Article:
Did the former marine know drowned men?

The funeral procession and ceremony for the servicemen who drowned off the coast of Boulogne in October 1944

The funeral procession and ceremony for the servicemen who drowned off the coast of Boulogne in October 1944

First published in Memory Lane

READER Matthew Smaldon has shed light on the mystery of a group of British servicemen who drowned in the Second World War.

Pictures of a funeral procession, funeral ceremony and graves were found in the attic of former Marine Walter George Clifton in George Street, Bicester.

His family discovered some information about the victims, but were mystified why Mr Clifton should have had the photographs.

Mr Smaldon, who lives in Abingdon, tells me that eight men perished off the coast of Boulogne during stormy weather on October 13, 1944.

Five of them were crew members of HMS Scott, a fleet minesweeping sloop, which surveyed liberated harbours in Europe as well as the route for Pluto (Pipeline under the Ocean), which carried fuel from the UK to Europe.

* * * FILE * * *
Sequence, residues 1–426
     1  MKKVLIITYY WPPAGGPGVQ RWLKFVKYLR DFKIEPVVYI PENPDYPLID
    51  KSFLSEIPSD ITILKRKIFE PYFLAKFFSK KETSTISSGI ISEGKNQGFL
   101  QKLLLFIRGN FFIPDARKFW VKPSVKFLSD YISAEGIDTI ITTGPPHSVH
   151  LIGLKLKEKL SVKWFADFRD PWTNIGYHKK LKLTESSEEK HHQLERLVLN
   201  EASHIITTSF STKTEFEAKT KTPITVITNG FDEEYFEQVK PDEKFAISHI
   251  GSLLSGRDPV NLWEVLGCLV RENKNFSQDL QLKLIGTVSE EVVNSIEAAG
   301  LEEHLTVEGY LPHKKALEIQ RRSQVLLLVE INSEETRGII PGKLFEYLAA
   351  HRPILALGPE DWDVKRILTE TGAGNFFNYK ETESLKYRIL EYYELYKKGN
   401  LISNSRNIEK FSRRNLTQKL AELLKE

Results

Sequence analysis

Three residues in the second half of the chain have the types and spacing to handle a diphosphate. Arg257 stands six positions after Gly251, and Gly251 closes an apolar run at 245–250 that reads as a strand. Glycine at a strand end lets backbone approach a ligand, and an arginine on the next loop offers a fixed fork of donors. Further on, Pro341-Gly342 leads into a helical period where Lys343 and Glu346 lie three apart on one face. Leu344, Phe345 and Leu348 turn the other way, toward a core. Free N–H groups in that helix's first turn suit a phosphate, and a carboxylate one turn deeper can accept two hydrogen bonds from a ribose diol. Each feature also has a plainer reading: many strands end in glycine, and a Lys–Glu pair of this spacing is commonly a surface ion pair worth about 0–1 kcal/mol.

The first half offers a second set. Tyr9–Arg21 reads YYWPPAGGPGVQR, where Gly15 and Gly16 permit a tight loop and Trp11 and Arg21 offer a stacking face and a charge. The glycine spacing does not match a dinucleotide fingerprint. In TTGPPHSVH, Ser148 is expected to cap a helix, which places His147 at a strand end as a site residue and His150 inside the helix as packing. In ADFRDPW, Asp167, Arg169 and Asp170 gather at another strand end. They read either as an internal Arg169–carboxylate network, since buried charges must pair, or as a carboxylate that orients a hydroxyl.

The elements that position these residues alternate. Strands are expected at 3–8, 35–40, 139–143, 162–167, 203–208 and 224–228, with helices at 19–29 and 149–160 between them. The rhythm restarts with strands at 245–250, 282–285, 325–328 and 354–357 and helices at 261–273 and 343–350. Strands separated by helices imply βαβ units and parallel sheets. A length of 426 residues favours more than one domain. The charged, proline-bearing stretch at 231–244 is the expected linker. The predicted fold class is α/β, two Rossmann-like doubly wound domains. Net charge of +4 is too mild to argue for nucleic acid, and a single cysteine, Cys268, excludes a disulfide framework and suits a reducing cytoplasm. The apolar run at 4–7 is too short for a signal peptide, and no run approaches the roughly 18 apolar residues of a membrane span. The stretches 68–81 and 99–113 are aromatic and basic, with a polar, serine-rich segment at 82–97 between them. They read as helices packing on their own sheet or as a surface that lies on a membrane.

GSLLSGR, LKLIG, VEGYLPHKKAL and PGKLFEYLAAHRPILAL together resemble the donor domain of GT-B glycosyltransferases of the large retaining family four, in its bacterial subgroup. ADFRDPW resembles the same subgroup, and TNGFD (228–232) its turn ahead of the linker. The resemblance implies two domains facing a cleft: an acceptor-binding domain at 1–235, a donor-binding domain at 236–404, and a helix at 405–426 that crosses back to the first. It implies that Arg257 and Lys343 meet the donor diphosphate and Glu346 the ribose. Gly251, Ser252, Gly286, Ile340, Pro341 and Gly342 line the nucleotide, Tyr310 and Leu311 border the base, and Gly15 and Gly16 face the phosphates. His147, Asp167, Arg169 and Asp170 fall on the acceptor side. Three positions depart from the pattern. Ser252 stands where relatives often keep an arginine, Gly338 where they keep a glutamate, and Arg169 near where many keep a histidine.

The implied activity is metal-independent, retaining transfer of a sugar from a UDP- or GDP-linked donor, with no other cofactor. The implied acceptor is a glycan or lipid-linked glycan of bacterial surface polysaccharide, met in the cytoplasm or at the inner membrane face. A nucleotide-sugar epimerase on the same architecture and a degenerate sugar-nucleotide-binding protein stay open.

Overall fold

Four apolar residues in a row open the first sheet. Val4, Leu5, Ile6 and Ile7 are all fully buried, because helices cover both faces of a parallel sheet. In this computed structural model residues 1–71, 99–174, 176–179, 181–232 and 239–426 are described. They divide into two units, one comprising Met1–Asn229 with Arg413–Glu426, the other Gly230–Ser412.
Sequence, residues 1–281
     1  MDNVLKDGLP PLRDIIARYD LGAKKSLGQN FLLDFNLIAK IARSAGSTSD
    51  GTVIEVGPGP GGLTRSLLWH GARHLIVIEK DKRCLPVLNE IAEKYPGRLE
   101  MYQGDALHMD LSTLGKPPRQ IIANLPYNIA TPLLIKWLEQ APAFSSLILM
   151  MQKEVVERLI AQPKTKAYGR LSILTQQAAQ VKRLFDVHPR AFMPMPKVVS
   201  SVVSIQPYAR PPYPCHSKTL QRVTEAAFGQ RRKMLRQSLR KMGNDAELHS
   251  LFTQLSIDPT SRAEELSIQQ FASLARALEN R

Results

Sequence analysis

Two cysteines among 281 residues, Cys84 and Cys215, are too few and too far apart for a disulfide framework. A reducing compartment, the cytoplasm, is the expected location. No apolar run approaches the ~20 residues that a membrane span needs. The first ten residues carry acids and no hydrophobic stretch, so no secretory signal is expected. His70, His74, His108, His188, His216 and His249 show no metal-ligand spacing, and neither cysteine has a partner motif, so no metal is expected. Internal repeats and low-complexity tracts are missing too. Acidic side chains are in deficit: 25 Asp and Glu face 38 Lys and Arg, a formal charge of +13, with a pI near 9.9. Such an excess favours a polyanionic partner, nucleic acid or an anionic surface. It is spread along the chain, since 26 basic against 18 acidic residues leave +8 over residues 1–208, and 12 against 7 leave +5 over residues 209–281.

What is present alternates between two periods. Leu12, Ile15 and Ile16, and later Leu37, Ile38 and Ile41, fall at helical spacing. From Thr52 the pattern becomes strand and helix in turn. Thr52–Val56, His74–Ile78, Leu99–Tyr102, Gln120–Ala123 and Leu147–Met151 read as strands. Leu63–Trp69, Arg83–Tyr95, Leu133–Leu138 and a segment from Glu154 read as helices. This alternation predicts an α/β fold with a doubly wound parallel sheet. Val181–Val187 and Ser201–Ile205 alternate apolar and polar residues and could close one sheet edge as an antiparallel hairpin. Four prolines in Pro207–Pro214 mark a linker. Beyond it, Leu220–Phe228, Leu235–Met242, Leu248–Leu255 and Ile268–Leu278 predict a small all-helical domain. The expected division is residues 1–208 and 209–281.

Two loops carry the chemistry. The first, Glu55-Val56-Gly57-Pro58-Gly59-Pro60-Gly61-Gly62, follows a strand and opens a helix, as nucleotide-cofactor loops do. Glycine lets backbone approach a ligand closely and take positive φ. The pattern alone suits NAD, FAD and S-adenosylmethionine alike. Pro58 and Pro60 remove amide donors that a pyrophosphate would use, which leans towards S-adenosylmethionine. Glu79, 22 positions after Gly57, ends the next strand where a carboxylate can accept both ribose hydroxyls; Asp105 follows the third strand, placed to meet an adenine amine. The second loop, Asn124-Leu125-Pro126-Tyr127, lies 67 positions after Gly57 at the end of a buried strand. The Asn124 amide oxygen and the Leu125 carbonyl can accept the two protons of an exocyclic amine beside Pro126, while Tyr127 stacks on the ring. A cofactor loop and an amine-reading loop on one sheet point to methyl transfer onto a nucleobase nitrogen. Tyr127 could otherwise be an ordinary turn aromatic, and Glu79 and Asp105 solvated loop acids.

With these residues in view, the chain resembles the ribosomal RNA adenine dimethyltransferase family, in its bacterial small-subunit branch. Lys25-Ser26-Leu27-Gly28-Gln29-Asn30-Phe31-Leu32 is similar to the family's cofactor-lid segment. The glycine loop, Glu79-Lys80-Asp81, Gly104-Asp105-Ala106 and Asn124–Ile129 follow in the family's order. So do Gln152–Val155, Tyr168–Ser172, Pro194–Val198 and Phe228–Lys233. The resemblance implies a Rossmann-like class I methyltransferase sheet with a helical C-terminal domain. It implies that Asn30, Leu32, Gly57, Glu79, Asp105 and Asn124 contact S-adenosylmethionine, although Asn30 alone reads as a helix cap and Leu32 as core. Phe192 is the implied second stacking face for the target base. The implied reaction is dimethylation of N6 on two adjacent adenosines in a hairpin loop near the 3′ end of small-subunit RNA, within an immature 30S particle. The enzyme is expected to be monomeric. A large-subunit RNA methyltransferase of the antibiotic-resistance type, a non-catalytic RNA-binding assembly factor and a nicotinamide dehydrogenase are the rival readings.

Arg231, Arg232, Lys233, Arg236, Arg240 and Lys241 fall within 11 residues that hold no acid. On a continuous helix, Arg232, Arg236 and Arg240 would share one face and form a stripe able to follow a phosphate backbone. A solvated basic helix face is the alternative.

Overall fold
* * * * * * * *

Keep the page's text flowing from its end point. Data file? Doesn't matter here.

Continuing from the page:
The men, Charles Dansie, 23, of Ilford, Essex, Walter Whitmore, 25, from Norfolk, Thomas Peckitt, 26, of Scarborough, Leslie Richards, 18, of West Kensington, and John Flynn, 19, address unknown, were the volunteer crew of one of the ship’s motorboats.

They put to sea during a gale to try to rescue Lieutenant Commander John Booth, of Great Yarmouth, and Marines Ronald Edwards, 22, from West Ham, and John Nicholson, 32, address unknown, who were adrift in a dory.

Both boats were lost. All bodies were recovered, except those of Booth and Peckitt. The official cause of death was given as drowning.

The six bodies recovered were buried in Boulogne Eastern Cemetery Pas de Calais on October 17.

Lieutenant Commander Booth, who was Officer in Command of HMBY Minesweeper 2155, is remembered at the Calais Canadian War Cemetery, Leubringhen, and Peckitt’s name is recorded on Chatham Naval Memorial.

Mr Clifton’s son-in-law, Chris Bowers, of Welland Croft, Bicester, asked (Memory Lane, June 16) if anyone knew why the pictures were in his father-in-law’s possession.

Mr Smaldon writes: “I would assume that Mr Clifton, being a Royal Marine, may have served on HMS Scott alongside the men who were killed. If his son-in-law can obtain his service record, it should confirm this."

 

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